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reported by CITES. We are concerned about these discrepancies between these figures and are urgently investigating them to resolve the problem.
Records of bird deaths in quarantine are not held centrally. However any such deaths are required to be reported by the quarantine facility to their local veterinary inspector who arranges for post-mortem examination at an approved laboratory.
Mr. Roger Williams: To ask the Secretary of State for Environment, Food and Rural Affairs what the arrangements are for ministerial responsibility for the State Veterinary Service across England and Wales in (a) normal circumstances and (b) the event of an outbreak of avian influenza. 
Details of how the Prime Minister, other Ministers and the Devolved Administrations are involved in the management of disease emergencies, can be found in Defra's Exotic Animal Disease Generic Contingency Plan". The contingency plan is on Defra's website.
Charles Hendry: To ask the Secretary of State for Environment, Food and Rural Affairs what steps are being taken by her Department to ensure that bird farmers are adequately protected against risks of avian influenza; and what information is being disseminated by her Department to farmers regarding the current situation. 
Mr. Bradshaw: Information for bird keepers regarding worker protection has been published on the Defra website (http://defraweb/animalh/diseases/notifiable/disease/ai/poul trykeepers.htm). This information includes biosecurity advice, recommendations regarding personal protective equipment and guidance on measures to take should an outbreak of avian influenza virus be suspected.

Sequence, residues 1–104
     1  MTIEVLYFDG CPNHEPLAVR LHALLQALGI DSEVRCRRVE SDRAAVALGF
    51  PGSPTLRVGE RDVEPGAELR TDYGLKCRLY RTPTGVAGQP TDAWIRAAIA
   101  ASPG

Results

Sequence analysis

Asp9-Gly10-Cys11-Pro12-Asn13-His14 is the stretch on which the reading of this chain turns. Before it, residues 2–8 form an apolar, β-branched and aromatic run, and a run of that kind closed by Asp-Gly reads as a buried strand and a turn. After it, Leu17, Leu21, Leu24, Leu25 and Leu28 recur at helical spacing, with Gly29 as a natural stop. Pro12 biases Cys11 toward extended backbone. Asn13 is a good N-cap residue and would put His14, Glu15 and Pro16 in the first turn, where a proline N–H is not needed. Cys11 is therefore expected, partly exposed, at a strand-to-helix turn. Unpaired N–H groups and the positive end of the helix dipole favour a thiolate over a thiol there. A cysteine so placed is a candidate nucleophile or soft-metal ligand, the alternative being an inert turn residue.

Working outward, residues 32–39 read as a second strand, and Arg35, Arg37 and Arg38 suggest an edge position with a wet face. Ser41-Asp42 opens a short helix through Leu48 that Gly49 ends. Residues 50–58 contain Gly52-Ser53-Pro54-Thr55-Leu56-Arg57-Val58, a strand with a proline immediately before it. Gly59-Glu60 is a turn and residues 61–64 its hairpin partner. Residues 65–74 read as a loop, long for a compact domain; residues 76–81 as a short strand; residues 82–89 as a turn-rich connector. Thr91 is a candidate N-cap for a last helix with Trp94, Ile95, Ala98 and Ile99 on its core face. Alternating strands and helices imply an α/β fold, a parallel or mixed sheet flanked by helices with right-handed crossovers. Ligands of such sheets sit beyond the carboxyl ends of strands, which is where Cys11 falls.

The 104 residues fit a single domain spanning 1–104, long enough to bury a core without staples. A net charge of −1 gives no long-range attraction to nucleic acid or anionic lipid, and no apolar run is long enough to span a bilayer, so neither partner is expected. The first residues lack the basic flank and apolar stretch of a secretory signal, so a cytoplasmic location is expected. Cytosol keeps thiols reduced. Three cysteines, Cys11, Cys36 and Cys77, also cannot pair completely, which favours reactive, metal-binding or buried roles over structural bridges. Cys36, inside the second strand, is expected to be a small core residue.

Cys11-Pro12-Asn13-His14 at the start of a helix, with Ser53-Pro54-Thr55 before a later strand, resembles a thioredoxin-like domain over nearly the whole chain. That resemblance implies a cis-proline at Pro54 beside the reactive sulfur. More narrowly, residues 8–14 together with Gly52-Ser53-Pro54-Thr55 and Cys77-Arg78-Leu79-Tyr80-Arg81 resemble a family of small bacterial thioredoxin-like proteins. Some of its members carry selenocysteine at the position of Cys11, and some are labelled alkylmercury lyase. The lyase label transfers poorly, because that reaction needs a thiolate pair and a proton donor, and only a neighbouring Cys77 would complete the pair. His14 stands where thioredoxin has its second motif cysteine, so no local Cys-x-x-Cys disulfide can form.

As a matter of course we have distributed guidance material to our partners in the industry who are helping to distribute this material to their members, who cover the great majority of bird keepers. We have also produced a simple one-page leaflet on biosecurity and surveillance for smaller concerns and hobby keepers. This was posted on our website and sent out to organisations representing the industry to send on to their members. It has also been mailed to 3,800 vet practices in Great Britain.
In addition we have placed adverts in trade and specialist press targeting the same audience to get biosecurity and surveillance messages across. All these pieces of guidance are available on the Defra website.
Bill Wiggin: To ask the Secretary of State for Environment, Food and Rural Affairs if she will publish new advice to poultry-keepers regarding measures that they can take to reduce the risk of spreading avian influenza. 
Mr. Bradshaw: We have reviewed our biosecurity guidance for poultry keepers and published two leaflets during the last month, one aimed at commercial keepers and the other for smaller concerns and hobby keepers. We have also published advice on assessing risks.
We have distributed this guidance material to our partners in the industry who are helping to distribute to their members, who cover the great majority of bird keepers. In addition, the material has been mailed to 3,800 vet practices in Great Britain in order to reach the hobby keeper. We have also placed adverts in trade and specialist press to get biosecurity and surveillance messages across to this same group.
Mr. Bradshaw: Between 15 and 20 clades of H5N1 avian influenza virus have been identified since typing work began. The H5N1 viruses which have caused disease in poultry and humans since 2004 lie within a distinct sub-grouping formed by two clades.